This is how I feel when I’m battling writer’s block.  Sums it up perfectly.

Any writer who claims they have never felt writers block is just plain lying.  They have felt it, they just call it by another name.  And they probably deal with it a whole lot quicker and easier than the rest of us.  In the last few years that I’ve been writing, I’ve learned a thing or two about how to get words on a page.  Without a doubt the most important lesson (learned from Julia Cameron in The Artists Way) is this:

You are never going to permanently overcome writer’s block.  You can, however, learn how to work through it.  Here’s the trick:  make yourself sit at that computer or with pen in hand and just write.  Write awful, disgusting, really horrible drafts.  Just get it out.  Give yourself permission to totally suck (what is revision and editing for, anyway?).  By chipping away on your creative work, step by step, day by day, you are working through writer’s block and will eventually find yourself on the other side.  But it’s not going to happen unless you actually sit down and do the work

Don’t give up.  Don’t let yourself skip today and try again tomorrow, hoping the block won’t be sitting on your page then.  It will be, and it’ll be bigger and fatter than it was the day before.  One day of skipping for me has turned into weeks and months of putting nothing on paper.  It feels awful.  So just sit down and make yourself write 500 words – they can be painful, sloppy, ridiculous words that make your eyes cross, but they are words.  Do this every. single. day.  No exceptions.  And soon that block will get bored with trying to distract you.  Soon, you will find yourself typing away, your fingers moving quickly without much effort on your part, your words getting back on track, your story falling into place.  And suddenly you’ll look up and realize – you’ve worked through it.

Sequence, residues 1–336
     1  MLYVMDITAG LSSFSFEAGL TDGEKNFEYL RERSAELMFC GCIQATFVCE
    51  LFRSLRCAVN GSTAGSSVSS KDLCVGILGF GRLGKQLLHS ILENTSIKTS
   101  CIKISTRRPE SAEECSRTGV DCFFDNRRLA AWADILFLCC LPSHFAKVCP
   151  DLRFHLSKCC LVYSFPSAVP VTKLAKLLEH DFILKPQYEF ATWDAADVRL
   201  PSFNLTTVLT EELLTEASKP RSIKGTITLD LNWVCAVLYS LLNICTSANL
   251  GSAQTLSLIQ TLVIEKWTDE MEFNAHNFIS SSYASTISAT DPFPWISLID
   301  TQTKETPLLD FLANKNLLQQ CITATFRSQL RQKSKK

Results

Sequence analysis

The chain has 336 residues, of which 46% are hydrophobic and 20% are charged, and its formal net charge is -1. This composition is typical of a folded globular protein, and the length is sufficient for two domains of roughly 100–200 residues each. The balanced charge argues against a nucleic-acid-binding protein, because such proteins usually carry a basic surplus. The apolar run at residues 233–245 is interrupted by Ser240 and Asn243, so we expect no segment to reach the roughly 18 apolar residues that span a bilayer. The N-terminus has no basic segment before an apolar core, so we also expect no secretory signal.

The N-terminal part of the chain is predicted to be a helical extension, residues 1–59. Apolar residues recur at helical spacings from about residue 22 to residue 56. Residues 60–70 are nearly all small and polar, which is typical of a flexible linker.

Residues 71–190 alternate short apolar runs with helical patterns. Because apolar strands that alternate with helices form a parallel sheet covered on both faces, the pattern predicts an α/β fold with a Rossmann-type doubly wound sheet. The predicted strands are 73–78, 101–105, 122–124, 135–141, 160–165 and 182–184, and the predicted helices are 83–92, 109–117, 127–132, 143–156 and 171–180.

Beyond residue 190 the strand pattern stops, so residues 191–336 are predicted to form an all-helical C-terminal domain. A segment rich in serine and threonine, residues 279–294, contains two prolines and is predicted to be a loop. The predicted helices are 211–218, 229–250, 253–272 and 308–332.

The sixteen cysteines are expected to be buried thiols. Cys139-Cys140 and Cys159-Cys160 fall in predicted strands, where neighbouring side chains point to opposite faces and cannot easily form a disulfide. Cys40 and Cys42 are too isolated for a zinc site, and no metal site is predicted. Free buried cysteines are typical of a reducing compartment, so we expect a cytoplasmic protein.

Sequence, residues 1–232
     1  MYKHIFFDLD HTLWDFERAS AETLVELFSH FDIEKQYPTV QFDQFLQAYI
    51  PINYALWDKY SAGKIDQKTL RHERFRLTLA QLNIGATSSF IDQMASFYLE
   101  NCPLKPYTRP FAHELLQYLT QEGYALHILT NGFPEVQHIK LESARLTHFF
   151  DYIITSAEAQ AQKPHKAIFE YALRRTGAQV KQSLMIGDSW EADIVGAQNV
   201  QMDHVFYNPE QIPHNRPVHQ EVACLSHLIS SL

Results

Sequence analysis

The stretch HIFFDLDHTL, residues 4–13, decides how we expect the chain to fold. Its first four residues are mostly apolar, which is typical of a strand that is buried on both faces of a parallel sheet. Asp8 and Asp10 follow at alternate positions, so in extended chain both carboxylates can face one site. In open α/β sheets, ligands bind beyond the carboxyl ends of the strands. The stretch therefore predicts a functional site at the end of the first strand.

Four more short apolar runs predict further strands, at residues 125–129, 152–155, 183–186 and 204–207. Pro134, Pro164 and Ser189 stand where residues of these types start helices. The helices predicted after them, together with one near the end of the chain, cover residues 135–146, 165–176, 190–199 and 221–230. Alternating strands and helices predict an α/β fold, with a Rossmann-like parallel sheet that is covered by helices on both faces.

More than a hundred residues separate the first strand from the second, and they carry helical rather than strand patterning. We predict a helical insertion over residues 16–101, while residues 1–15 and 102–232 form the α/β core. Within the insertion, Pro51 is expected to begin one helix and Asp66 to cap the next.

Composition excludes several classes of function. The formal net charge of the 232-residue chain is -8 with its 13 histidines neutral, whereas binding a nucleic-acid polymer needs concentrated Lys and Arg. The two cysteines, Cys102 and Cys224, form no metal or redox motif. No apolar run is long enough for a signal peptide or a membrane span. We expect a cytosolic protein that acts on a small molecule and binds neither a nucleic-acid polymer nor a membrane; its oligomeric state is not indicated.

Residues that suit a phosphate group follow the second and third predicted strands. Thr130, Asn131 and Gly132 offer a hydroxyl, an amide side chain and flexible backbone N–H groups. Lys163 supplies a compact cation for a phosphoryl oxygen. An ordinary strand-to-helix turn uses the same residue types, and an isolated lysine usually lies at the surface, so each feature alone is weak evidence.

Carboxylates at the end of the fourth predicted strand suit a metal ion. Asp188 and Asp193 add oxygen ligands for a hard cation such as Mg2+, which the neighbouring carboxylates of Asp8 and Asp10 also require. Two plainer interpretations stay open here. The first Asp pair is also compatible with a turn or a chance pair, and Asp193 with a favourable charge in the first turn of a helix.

Now, get writing!


13 thoughts on “{B}locked

  1. Sonia M. says:

    I loved, loved, loved The Artist’s Way. That’s what brought me back to fiction writing after a 15 year hiatus.

    I agree with the “just keep writing, writing, writing” concept. Now, I have found that sometimes a project needs a little down time before it can be completed. My own MIP went on the back burner for months. I really beat myself up over it until I realized that, while the project was sitting and I was writing flash fiction, blogging, etc, I had been learning what I need to know to finish the thing. Now, I’m picking it up with renewed passion. I can finish it now because I gave it time to simmer and gave myself time to pick up a few more writing skills. The trick is to keep writing something.

  2. Misha says:

    Aah I hate blocks.

    I generally write through them, except I then come to a point where my words dry up completely.

    I can’t even draft a blog post.

    So… I wait it out, because the patience for my mind to rearrange its thoughts works faster than getting it into gear after it froze solid.

    And that is generally what my blocks are. I wrote too fast for my mind to settle on the next part of the story…

    I love Julia Cameron’s book, though. It helped me a great deal and is probably the reason why I even finished my first draft.


  3. SueH says:

    Thankyou for this – I will revisit this tomorrow when I sit and try urge more ‘output’ for the WIP ! 🙂

    I wonder what you’ve got cooked up for ‘C’ in this series…..?

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